Celebrating Our Love of Whisk(e)y
16-02-2018 By Nokulunga Msibi

Whisk(e)y is so popular, it is a multi-billion dollar global phenomenon. There are new distilleries and expansions announced almost daily, attesting to the popularity and love for it. You can even sign up for a degree in whiskey at the Dublin Institute of Technology.

Lovers of the spirit, inspired by its taste, use the most varied language to describe it. The lexicon of Whizzky users includes terms such as diesel fumes, freshly cut fruit, leathery, fresh lawn clippings to describe their whisk(e)y.

What is it about whisk(e)y that makes us love it so much?

Perhaps it is the alchemy of whisky production. Only 3 simple ingredients are used. Water, grain and yeast become a celebration of flavours enjoyed by most. To make whisky, only these 3 ingredients are used - patience and wood do the rest.

Copper Stills Used In Whisky Production

Could it be the patience and time it takes to turn white dog into whisk(e)y. The 2 years for bourbon and 3 years and a day for Scotch? The work of the cooper is the reason we enjoy whisk(e)y. Thousands of their casks lie in warehouses all over the world. The whisk(e)y industry teaches us patience, to wait. You will often see whisk(e)y lovers take a moment after cracking a new bottle. This is done to appreciate the years the whisky has taken until that special moment.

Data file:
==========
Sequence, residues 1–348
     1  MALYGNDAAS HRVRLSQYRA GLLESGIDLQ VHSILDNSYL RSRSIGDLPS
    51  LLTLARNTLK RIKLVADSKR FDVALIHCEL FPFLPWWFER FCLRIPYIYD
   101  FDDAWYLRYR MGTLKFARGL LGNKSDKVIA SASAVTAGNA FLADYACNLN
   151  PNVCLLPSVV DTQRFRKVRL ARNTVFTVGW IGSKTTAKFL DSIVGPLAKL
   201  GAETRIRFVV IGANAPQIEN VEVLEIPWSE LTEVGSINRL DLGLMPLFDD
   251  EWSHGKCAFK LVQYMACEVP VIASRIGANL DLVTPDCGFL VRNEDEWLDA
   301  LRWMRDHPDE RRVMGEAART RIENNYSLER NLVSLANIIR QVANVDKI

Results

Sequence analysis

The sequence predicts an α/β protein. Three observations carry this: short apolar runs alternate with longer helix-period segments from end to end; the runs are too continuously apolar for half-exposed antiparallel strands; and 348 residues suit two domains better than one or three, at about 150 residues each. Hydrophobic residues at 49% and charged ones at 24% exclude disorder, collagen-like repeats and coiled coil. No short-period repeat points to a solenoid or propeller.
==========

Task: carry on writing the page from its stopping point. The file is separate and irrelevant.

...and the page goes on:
Casks holding maturing whisk(e)y

Could our love for whisk(e)y stem from the uniqueness of whisk(e)y from every distillery; the romance this uniqueness and appreciation of every person behind it? There are thousands of distilleries around the world - from Japan to Taiwan, Ireland to South Africa. Michael Urquhart, joint managing director of Gordon & MacPhail said to the Guardian "Each distillery is like a different grape variety. If you're looking for different tastes, different sensations, [whisk(e)y]can really give you that experience."

"Age and tradition are valuable commodities for whiskies. The longer and better your backstory, often, the bigger your sales" says the Guardian. Whisk(e)y has one of the most interesting stories and legends, including ghost stories because of its long history. This could be another reason we love our tipple.

An Illicit Still in the Highlands

Perhaps what makes whisk(e)y intriguing is its historic brush with the law. Scotch whisky's repressive excise laws of the 18th century forced a lot of distilleries to turn to illegal distilling and gave rise to illicit stills. Cadhu, owned and run by the Cummings, was situated at the top of the hill. In the 18th century, neighbours knew to keep watch for a red flag flying at the Cumming’s home which was Helen Cumming's signal that an excise officer was lodging with them.

What ever it is that inspires your great love for whisk(e)y, inspires poets and artists; we raise a dram to you. Sláinte!